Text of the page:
21.9k Likes, 2,184 Comments – Saloni Chopra (@redheadwayfarer) on Instagram: “That’s right, it’s just blood.. Y’know who gave it more importance than it needs? You. You who…”
“It is the need of the hour that we stop shaming women or feel ashamed ourselves for menstruating!” she said.
On this Independence Day, the irony is that I’m anything but Independent as a woman. My body controlled and censored, my thoughts banned and abused, my free will is limited to my breasts. ‘You can grow up to be anything my love, anything but a free woman’. You can grow up to be an engineer, runner, astronaut, doctor… as long as you keep those breasts covered. Because as a woman, your body, is the biggest threat to this society. As a woman, my body, belongs to each one of you. It belongs to your social platforms, your phones, your porn sites, your bedrooms, your brothels – it belongs to everything but me, hence you control what I do with it. To receive human rights, no one expects you to be Nelson Mandela – but to be a woman and desire equality they expect you to be Kaplana Chawla. So you cannot be just another girl who wants freedom to be herself. You must first become the first Indian woman to achieve something no other woman has, and then they respect you. If women weren’t so busy trying to hide their breasts or be ashamed of their periods, then you’d probably have MORE women achieve more things, and we wouldn’t constantly in the 21st century have ‘1st woman to have done something thousands of men already have done’ be such an achievement. So Happy Independence Day to ya’ll, but I think I’ll skip this one. You can censor my tits, but thank fucking god you can’t censor my words. Swipe right ➡️ for some serious patriarchal double standards. Because that’s acceptable while this isn’t. Thank you, @rahulb90 for doing this for me. You give me hope. I love you. #independenceday #india #equality #feminism #freethenipple #breakingstereotypes #fuckpatriarchy #women #bethechange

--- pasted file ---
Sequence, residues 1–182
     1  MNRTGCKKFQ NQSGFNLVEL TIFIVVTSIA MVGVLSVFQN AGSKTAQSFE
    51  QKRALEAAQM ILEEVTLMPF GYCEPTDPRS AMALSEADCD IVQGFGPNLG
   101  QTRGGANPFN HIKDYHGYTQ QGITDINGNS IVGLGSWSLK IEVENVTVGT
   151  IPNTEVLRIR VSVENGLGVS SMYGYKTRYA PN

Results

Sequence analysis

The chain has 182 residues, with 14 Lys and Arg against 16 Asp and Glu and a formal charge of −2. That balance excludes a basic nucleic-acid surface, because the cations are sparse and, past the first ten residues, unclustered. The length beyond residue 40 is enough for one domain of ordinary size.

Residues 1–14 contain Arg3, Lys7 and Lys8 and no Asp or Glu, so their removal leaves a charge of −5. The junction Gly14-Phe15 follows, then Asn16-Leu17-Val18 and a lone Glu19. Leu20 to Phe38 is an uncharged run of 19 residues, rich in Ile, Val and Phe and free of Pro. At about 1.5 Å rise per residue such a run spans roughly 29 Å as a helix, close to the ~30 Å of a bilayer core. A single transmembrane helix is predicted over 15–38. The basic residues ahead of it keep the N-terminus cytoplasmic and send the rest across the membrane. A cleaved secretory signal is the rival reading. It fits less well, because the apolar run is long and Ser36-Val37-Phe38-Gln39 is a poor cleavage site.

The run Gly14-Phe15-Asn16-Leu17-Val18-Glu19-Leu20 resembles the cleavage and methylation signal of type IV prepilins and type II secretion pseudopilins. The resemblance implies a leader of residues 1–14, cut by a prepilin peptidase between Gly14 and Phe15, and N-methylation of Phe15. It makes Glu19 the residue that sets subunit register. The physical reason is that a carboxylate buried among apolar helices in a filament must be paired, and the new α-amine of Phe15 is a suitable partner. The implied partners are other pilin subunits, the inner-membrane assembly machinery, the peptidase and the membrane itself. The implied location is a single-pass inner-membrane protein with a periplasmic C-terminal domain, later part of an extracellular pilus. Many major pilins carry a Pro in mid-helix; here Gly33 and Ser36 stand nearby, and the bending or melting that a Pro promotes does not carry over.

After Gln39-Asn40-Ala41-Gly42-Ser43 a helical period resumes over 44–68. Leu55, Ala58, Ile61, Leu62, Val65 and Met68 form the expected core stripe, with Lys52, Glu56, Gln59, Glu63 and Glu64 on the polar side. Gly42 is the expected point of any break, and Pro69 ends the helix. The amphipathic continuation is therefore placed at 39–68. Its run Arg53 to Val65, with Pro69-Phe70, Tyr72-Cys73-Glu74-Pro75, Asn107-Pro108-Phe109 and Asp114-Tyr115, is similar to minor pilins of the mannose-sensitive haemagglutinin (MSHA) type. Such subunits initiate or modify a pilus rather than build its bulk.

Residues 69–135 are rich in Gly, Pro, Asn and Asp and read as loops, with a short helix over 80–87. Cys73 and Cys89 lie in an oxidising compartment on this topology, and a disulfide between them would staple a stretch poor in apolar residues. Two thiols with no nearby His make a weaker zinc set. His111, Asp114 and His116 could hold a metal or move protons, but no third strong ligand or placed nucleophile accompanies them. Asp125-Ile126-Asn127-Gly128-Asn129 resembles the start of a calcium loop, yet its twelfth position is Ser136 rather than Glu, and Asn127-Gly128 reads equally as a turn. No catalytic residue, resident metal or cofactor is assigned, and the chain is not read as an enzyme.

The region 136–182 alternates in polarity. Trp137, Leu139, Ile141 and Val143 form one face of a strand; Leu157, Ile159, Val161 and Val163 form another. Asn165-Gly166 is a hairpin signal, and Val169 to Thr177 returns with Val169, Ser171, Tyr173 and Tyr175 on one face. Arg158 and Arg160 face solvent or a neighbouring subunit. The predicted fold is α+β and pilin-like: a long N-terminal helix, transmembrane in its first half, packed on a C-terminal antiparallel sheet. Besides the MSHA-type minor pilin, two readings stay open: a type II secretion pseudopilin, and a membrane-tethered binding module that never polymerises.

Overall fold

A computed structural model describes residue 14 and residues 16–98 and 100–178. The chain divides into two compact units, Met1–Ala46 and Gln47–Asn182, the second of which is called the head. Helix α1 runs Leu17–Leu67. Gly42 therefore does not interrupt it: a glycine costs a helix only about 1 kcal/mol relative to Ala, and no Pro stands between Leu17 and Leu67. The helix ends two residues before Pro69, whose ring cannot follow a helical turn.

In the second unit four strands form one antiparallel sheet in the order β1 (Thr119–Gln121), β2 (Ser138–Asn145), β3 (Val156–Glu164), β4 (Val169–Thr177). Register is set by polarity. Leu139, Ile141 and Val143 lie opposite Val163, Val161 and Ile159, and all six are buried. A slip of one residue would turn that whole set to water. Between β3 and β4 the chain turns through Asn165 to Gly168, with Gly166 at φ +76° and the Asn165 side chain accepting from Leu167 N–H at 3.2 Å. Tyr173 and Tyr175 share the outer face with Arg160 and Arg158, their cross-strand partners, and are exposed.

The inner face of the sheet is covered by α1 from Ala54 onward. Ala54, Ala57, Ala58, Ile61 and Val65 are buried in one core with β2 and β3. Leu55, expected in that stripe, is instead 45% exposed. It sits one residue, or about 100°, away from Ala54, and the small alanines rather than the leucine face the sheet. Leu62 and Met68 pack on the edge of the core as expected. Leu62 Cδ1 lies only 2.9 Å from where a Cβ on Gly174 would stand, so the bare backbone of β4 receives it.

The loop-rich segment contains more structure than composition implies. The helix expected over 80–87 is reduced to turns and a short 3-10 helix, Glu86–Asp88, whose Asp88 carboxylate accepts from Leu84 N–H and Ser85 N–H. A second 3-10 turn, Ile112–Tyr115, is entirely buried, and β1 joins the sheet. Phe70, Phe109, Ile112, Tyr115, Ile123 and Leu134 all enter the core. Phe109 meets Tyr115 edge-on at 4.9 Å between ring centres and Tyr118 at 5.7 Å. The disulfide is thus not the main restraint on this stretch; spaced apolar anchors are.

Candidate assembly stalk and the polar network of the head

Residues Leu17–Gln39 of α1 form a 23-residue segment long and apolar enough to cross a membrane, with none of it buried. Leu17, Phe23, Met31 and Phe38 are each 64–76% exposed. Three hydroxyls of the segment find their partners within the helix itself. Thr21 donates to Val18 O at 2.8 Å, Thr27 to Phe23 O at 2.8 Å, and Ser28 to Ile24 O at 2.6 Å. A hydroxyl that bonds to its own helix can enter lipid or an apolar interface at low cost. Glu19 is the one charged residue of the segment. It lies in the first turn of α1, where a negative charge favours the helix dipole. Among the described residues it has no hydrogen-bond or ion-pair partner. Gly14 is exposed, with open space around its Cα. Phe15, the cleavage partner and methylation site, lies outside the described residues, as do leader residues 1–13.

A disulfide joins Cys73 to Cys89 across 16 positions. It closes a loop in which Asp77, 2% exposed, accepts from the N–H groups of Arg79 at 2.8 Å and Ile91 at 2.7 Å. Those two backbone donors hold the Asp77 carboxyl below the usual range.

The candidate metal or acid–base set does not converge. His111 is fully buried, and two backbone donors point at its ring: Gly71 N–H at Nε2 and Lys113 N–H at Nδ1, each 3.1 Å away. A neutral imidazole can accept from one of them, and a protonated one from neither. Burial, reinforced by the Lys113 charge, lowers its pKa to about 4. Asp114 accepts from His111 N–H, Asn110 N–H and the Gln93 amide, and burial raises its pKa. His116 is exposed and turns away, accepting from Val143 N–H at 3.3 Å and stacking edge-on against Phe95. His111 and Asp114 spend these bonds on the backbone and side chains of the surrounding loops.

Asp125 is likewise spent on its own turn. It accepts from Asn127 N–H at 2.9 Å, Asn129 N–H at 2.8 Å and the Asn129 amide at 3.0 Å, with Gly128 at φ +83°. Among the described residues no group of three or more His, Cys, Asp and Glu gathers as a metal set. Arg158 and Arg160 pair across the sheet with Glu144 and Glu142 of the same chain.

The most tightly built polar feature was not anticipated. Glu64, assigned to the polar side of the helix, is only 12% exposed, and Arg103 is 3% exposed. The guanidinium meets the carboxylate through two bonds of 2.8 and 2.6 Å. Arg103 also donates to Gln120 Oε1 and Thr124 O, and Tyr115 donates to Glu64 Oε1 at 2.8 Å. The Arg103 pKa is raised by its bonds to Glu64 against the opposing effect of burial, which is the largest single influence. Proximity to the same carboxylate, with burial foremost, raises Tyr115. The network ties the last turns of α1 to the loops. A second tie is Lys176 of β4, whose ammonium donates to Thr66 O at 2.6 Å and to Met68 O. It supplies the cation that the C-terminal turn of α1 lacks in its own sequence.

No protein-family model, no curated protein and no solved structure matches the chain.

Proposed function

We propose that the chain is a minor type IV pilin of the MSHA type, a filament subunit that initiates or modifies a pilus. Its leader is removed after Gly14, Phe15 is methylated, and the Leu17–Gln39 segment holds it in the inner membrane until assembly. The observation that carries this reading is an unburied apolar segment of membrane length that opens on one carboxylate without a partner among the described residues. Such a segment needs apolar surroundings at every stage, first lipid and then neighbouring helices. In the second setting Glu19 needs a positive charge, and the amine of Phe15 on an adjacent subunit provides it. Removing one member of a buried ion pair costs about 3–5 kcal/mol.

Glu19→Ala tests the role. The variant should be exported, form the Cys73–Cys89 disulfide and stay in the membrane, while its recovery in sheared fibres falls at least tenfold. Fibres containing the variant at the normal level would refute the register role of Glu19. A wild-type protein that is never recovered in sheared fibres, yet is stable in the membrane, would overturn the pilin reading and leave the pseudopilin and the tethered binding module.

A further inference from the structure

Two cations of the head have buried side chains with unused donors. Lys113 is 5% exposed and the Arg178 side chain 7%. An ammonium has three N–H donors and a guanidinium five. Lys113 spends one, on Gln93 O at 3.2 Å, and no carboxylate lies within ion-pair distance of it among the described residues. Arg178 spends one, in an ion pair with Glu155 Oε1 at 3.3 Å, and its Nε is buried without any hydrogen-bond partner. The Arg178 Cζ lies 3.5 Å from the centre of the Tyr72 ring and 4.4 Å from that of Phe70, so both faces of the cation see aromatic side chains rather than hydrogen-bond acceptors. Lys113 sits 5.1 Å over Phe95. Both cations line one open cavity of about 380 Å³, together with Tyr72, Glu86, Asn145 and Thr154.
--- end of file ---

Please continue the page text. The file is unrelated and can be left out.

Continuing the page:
29.3k Likes, 783 Comments – Saloni Chopra (@redheadwayfarer) on Instagram: “On this Independence Day, the irony is that I’m anything but Independent as a woman. My body…”
Saloni has never shied away from the severe backlash she has received for refusing to adhere to society’s definition of being a woman but what keeps her going are the inspirational messages from young girls who feel motivated by her posts.
“That totally serves the purpose of why I’d started being vocal about such issues on the first place. I’ve been there myself and know that there are countless women out there, who just need the right amount of inspiration to get out of something that is pulling them down and I’m speaking for all of them through my posts. Though backlashes are pretty consistent and regular, I will go on because when I look at such uplifting responses, it means that I’m going the right way,” she said.
H/T: The Better India